# Is it an instance of rotational invariance of a classical hamiltonian being broken in quantum mechanics?

Consider a spin-$\frac{1}{2}$ particle (say, an electron) subjected to a uniform external magnetic field $\textbf{B}$, and the part of its Hamiltonian associated with its spin degree of freedom: $$H=-\frac{e}{m_e}\textbf{S}\cdot\textbf{B}\tag{1}$$ where $e, m_e$ are respectively the charge and the mass of the electron, and $\textbf{S}$ is the spin operator.

Classically, $H=-\boldsymbol{\mu}\cdot\textbf{B}$, being a scalar product of two vectors, is a scalar. Therefore, $H$ is invariant under rotations because a scalar is invariant under rotations.

Quantum mechanically, for $H$ to be invariant under rotations, one must have $[H,S_i]=0$ for $i=x,y$ and $z$. In the present case, $[H,S_i]\neq 0$, $\forall$ $i=x,y,z$.

Question Does it mean that a system which is rotationally invariant in classical mechanics, can become rotationally non-invariant in quantum mechanics? Since it looks very unlikely, I would like to know what is the mistake in my argument.

• Short answer: whether something is rotationally invariant depends on what you consider your dynamically variables and what is held fixed. Here the Hamiltonian is a scalar but it is not rotationally invariant because the magnetic field defines a preferred direction. It has nothing to do with quantum vs classical. Sep 15, 2017 at 13:12
• @Javier I find the statement "scalar but not rotationally invariant" difficult to grasp. Isn't a scalar necessarily rotationally invariant? On the other hand, I get the point that the magnetic field defines a preferred direction in space. I agree that it should not have anything to do with classical or quantum. But I can't convince myself.
– SRS
Sep 15, 2017 at 13:15
• Well, it depends on what you mean by rotationally invariant. I'll see if I can write an answer in a bit. Sep 15, 2017 at 13:20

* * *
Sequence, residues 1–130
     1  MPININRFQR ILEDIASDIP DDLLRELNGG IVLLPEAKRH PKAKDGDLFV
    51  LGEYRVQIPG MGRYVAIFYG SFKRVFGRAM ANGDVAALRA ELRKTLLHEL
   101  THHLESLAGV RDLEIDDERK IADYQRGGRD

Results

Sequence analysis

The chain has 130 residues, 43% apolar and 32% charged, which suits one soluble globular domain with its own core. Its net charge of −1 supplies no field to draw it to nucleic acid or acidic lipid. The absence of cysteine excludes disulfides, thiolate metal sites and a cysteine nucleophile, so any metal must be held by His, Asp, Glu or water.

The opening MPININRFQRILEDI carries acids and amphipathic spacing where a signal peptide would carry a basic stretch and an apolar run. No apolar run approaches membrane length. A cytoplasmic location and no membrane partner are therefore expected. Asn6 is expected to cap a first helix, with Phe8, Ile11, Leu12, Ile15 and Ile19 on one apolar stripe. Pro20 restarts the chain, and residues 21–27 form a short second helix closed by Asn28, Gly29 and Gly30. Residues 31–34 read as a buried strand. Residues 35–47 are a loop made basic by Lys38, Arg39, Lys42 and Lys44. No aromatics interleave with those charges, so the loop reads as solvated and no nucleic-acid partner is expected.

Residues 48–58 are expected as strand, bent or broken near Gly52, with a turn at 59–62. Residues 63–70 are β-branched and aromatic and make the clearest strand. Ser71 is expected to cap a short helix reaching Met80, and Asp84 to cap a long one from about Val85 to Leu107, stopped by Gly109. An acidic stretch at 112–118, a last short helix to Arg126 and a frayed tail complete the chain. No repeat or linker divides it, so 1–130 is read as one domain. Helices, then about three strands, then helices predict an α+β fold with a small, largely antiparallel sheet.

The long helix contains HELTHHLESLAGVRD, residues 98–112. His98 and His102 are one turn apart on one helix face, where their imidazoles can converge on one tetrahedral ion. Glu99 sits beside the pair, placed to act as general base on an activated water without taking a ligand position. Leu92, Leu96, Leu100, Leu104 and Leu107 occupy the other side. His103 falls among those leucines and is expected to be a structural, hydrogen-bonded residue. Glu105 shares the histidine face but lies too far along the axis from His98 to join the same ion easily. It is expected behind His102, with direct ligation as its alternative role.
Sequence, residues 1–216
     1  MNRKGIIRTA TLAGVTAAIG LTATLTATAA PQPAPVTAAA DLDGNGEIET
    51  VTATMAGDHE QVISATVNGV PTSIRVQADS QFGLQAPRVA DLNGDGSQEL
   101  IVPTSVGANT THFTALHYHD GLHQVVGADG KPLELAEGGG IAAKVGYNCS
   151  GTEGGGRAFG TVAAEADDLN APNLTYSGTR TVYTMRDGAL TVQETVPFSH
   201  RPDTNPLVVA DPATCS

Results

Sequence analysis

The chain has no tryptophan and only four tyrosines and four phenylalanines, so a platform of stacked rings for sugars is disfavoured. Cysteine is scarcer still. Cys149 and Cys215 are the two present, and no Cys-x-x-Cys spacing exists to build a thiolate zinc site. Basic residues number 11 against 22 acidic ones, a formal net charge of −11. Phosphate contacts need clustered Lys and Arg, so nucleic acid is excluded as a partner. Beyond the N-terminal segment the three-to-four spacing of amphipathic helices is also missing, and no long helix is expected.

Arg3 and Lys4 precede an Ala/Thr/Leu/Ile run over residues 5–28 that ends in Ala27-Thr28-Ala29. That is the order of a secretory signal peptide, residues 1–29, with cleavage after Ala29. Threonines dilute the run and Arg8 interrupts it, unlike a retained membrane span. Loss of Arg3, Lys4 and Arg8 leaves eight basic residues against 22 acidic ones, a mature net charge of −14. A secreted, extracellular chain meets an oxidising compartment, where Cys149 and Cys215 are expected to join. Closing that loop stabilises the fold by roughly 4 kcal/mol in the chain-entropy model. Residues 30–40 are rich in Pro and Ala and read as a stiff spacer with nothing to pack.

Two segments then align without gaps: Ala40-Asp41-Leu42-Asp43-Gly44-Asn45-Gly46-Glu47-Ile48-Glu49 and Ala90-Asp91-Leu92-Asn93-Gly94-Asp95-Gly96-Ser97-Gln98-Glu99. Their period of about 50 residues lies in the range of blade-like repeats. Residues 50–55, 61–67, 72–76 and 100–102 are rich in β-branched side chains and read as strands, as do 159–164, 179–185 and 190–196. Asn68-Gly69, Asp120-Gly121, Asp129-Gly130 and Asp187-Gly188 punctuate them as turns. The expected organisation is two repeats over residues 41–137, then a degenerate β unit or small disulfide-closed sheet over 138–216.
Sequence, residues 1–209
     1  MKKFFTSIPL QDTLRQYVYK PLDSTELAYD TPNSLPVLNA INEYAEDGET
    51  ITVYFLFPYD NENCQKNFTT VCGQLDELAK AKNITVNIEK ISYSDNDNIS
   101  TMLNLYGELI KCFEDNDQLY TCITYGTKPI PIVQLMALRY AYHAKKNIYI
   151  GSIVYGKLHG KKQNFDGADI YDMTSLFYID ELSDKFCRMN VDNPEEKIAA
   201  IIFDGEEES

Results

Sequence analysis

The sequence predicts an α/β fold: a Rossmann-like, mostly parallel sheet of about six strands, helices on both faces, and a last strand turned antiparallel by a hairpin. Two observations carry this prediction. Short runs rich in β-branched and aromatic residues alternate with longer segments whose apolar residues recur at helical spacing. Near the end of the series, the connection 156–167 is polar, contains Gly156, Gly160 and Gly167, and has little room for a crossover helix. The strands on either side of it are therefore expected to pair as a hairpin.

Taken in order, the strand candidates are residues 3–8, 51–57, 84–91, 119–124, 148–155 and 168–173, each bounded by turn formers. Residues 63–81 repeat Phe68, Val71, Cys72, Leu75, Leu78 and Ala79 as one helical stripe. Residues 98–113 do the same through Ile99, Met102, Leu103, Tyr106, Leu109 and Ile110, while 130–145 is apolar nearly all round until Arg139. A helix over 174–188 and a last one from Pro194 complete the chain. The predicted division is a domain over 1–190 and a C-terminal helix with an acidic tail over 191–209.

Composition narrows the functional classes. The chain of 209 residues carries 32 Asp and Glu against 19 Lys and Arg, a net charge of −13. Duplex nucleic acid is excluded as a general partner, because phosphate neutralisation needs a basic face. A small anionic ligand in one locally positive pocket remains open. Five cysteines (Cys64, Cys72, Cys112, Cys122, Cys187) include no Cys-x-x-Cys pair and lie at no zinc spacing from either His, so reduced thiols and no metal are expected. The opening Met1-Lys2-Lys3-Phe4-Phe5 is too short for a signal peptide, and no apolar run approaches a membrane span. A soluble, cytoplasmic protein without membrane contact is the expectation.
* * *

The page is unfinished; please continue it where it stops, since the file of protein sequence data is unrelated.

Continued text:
• It seems you've deleted your newest question, but please be aware that the existing upvoted answer here is mostly wrong. Sep 18, 2017 at 10:42

Therefore, $H$ is invariant under rotations because a scalar is invariant under rotations.

No, it's not. It's rotationally invariant if and only if you rotate the magnetic field together with the system. If the field is externally imposed and you don't rotate it with the system, then rotating the system will change the dynamics.

The same is true in quantum mechanics. This is wrong:

Quantum mechanically, for $H$ to be invariant under rotations, one must have $[H,S_i]=0$ for $i=x,y$ and $z$. In the present case, $[H,S_i]\neq 0$, $\forall$ $i=x,y,z$.

Instead, for rotational invariance you need $H$ to commute with the generator of that rotation, which needs to be the total angular momentum $\mathbf J=\mathbf L+\mathbf S$ for the entire system, including the magnetic field; once you do that, you find that if $\mathbf B$ rotates with $\mathbf J$ via the standard vector rules, then $$[\mathbf J, \mathbf S\cdot \mathbf B]=0.$$

(It's maybe worth doing this in detail. Thus, make $\mathbf B$ transform according to the standard $[L_i,B_j]=i\hbar \epsilon_{ijk}B_k$, which is what you get if $\mathbf B$ is a dynamical variable that's part of your system and subject to the rotations generated by $\mathbf L$, and then calculate \begin{align} [\mathbf J, \mathbf S\cdot \mathbf B] & = \hat{\mathbf {e}}_i \left[ J_i, S_j B_j\right ] \\& = \hat{\mathbf {e}}_i \left( \left[ J_i, S_j\right] B_j + S_j\left[ J_i, B_j\right] \right) \\& = \hat{\mathbf {e}}_i \left( \left[ S_i, S_j\right] B_j + S_j\left[ L_i, B_j\right] \right) \\& = \hat{\mathbf {e}}_i \left( i\hbar \epsilon_{ijk}S_k B_j + S_j\: i\hbar \epsilon_{ijk}B_k \right) \\& = \hat{\mathbf {e}}_i i\hbar \:\epsilon_{ijk}\left(S_k B_j + S_jB_k \right) \\ & = 0, \end{align} assuming Einstein summations, where the last term vanishes because you're contracting an asymmetric tensor, $\epsilon_{ijk}$, with the symmetric combination $S_k B_j + S_jB_k$. If you do anything other than this, then the cancellation will fail and you'll be left with a nonzero commutator.)